Pomeranian: Dog Breed Information

Country of origin: Germany
Shoulder height: 18 – 22 cm
Weight: 3 – 4 kg
Age: 12 – 15 years
Color: black, brown-white, orange, grey-shaded, or cream
Use: Companion dog

The Miniature Spitz or Pomeranian belongs to the German Spitz group and is a very popular companion dog, especially in the USA and England. With a maximum shoulder height of 22 cm, it is the smallest of the German Spitz.

Origin and history

The Pomeranian is said to be descended from the Stone Age peat dog and is one of the oldest dog breeds in Central Europe. Numerous other races have emerged from it. The German Spitz group includes the Wolfsspitz, the Grobspitz, the Mittelspitz or Kleinspitz, and the Pomeranian. Around 1700 there was a large population of white spitz in Pomerania, from which the name Pomeranian for dwarf spitz, which is still in use today, is derived.


The lace is characterized by a particularly beautiful fur. Due to the thick, fluffy undercoat, the long topcoat looks very bushy and protrudes from the body. The thick, mane-like fur collar and the bushy tail that rolls over the back are particularly striking. The fox-like head with quick eyes and pointy little ears set close together gives the Spitz its characteristic perky appearance. With a shoulder height of 18-22 cm, the Pomeranian is the smallest representative of the German Spitz.


For its size, the Pomeranian has enormous self-confidence. It is very lively, barks, and playful – alert but always friendly. The Pomeranian is extremely affectionate towards its owner. It is completely immersed in its reference person.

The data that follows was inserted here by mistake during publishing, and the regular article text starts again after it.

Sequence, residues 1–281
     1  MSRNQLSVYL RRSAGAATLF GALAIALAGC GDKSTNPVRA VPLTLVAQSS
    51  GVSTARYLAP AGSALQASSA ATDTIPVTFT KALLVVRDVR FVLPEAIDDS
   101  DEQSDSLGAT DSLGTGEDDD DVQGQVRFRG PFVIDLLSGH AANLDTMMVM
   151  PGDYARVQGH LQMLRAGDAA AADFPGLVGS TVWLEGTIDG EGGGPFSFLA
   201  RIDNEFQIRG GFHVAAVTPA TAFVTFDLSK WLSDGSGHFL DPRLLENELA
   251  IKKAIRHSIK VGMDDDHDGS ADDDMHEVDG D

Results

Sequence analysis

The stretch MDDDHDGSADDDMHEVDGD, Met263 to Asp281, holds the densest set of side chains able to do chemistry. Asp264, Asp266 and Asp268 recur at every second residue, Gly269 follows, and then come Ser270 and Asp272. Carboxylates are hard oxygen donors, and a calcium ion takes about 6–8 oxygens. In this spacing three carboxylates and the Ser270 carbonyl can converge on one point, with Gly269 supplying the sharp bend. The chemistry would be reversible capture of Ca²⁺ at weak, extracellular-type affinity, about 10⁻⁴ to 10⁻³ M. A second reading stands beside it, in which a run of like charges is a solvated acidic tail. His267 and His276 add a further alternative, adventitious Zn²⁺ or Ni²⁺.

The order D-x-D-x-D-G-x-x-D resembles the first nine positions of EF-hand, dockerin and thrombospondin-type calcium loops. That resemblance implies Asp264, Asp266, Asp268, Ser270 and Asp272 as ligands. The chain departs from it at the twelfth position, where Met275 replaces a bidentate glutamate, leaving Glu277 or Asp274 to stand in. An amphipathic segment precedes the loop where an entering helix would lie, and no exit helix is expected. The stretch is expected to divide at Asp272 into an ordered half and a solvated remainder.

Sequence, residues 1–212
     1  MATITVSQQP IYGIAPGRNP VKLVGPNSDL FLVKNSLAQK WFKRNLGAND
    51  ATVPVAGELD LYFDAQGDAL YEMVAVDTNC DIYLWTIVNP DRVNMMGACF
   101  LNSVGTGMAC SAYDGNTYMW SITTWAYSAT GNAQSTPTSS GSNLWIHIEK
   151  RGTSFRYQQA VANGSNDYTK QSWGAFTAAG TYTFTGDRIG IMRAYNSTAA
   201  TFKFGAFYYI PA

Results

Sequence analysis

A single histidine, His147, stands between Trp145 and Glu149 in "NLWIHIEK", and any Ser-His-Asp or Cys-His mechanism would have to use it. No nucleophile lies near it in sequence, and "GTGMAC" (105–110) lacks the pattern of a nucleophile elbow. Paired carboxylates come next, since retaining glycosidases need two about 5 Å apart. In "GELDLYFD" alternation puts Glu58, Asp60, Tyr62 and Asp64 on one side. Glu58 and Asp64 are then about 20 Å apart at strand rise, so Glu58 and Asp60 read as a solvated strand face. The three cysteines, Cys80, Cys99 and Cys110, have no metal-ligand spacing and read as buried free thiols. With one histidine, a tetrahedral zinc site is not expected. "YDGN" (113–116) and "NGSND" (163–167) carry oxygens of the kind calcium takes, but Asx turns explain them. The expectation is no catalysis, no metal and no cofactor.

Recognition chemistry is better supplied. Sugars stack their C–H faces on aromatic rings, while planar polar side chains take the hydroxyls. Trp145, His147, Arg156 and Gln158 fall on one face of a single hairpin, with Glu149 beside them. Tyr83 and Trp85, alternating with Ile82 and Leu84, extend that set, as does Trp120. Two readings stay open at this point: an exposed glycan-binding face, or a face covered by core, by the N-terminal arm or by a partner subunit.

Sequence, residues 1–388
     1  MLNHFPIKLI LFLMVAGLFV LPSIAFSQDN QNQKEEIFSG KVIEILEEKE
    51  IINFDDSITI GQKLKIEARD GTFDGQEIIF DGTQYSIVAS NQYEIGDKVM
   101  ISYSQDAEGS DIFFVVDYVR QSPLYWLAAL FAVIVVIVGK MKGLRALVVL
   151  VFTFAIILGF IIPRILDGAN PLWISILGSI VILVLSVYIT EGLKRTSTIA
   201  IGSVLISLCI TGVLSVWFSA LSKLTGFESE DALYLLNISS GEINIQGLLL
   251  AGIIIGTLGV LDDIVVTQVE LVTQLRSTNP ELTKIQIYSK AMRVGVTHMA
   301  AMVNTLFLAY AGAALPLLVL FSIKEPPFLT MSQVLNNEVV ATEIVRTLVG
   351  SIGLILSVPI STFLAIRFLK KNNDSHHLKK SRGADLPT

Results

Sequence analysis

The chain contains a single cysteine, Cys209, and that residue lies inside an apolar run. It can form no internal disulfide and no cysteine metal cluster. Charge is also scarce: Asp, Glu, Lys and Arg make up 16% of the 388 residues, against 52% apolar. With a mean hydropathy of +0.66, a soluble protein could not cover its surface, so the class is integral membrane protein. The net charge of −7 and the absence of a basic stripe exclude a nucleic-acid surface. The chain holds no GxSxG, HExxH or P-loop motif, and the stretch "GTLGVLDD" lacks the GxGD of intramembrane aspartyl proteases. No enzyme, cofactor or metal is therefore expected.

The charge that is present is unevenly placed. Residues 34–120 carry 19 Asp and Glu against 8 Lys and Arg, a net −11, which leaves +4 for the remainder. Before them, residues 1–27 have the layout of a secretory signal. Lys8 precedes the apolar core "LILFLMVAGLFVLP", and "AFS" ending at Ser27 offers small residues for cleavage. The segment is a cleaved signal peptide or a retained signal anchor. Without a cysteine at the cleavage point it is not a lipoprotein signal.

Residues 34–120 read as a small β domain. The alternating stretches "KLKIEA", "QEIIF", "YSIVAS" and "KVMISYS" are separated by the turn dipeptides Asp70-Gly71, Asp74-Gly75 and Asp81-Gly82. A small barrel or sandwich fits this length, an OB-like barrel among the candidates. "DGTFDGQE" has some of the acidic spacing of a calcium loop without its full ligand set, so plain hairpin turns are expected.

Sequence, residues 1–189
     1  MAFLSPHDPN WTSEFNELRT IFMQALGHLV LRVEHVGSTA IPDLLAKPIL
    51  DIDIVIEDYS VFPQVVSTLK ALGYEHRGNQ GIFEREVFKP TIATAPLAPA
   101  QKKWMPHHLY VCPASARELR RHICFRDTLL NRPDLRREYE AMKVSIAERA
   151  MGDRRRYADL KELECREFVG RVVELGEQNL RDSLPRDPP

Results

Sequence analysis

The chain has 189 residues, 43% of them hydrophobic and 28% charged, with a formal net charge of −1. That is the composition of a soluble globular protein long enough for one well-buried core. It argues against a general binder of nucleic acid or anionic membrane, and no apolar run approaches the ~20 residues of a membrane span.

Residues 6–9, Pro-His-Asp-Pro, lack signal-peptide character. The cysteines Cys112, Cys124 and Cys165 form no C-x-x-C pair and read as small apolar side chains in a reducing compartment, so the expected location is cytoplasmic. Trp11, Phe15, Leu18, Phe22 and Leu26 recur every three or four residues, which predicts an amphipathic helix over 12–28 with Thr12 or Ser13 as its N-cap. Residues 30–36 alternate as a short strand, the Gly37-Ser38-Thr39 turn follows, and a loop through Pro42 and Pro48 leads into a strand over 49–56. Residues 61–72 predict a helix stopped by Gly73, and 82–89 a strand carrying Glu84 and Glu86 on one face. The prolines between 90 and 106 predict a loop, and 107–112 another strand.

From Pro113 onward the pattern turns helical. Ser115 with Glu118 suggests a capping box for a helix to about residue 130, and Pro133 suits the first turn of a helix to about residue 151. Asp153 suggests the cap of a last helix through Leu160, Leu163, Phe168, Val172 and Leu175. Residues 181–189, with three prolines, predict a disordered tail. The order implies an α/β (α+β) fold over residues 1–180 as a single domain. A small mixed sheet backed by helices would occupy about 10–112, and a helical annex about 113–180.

The Pomeranian is very docile and prefers to accompany its master or mistress everywhere. So it is also a good travel companion who can easily adapt to all circumstances – the main thing is that the caregiver is with you. Although it likes to go for walks, it does not need any sporting challenges. Therefore, it is particularly well suited as an apartment or city dog ​​and an ideal companion for older or less mobile people. Even working people who want to take their dog to work will have no problems with the little Pomeranian. On the other hand, it is not so suitable for particularly sporty and lively families with small children. The long coat requires careful and intensive care.

Ava Williams

Written by Ava Williams

Hello, I'm Ava! I have been writing professionally for just over 15 years. I specialize in writing informative blog posts, breed profiles, pet care product reviews, and pet health and care articles. Prior to and during my work as a writer, I spent about 12 years in the pet care industry. I have experience as a kennel supervisor and professional groomer. I also compete in dog sports with my own dogs. I also have cats, guinea pigs, and rabbits.

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